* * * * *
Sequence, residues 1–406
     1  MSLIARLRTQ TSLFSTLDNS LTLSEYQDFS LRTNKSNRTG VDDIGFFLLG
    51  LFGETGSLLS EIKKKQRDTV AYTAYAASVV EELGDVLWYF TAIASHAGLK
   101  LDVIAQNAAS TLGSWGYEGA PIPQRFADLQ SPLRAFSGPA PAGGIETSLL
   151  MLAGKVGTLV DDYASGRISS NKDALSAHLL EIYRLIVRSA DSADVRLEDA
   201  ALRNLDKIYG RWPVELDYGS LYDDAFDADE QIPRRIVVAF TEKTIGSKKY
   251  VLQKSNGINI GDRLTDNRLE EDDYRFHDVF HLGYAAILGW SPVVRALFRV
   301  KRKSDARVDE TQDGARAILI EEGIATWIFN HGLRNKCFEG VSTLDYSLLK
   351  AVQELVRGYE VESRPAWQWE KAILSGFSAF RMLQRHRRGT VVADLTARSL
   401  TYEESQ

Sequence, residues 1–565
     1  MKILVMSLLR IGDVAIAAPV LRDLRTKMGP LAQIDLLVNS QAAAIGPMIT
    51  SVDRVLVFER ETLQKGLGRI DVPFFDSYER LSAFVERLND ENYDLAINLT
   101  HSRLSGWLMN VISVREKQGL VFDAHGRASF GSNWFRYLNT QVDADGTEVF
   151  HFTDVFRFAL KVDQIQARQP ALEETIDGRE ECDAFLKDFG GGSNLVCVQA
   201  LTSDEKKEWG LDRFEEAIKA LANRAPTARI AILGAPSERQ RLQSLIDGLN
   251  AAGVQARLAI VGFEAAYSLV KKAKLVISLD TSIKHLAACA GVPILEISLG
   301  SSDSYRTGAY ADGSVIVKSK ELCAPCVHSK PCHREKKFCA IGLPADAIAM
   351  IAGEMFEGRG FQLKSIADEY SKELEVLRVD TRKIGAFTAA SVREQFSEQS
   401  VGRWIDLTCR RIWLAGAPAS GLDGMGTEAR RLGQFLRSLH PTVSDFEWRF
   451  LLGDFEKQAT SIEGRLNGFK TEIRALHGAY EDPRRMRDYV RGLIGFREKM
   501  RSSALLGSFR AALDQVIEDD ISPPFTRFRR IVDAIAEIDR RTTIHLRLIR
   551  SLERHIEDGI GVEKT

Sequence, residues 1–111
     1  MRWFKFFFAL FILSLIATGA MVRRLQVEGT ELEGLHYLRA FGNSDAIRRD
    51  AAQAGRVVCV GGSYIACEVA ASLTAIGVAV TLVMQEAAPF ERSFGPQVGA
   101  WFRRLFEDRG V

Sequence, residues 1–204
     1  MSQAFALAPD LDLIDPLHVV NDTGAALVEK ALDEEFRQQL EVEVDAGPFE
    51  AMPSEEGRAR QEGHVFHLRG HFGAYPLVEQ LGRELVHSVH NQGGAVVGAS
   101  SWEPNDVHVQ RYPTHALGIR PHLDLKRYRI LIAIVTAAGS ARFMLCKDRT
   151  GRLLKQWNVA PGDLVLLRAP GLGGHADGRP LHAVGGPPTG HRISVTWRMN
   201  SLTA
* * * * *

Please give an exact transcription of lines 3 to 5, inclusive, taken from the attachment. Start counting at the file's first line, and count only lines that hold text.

    51  LFGETGSLLS EIKKKQRDTV AYTAYAASVV EELGDVLWYF TAIASHAGLK
   101  LDVIAQNAAS TLGSWGYEGA PIPQRFADLQ SPLRAFSGPA PAGGIETSLL
   151  MLAGKVGTLV DDYASGRISS NKDALSAHLL EIYRLIVRSA DSADVRLEDA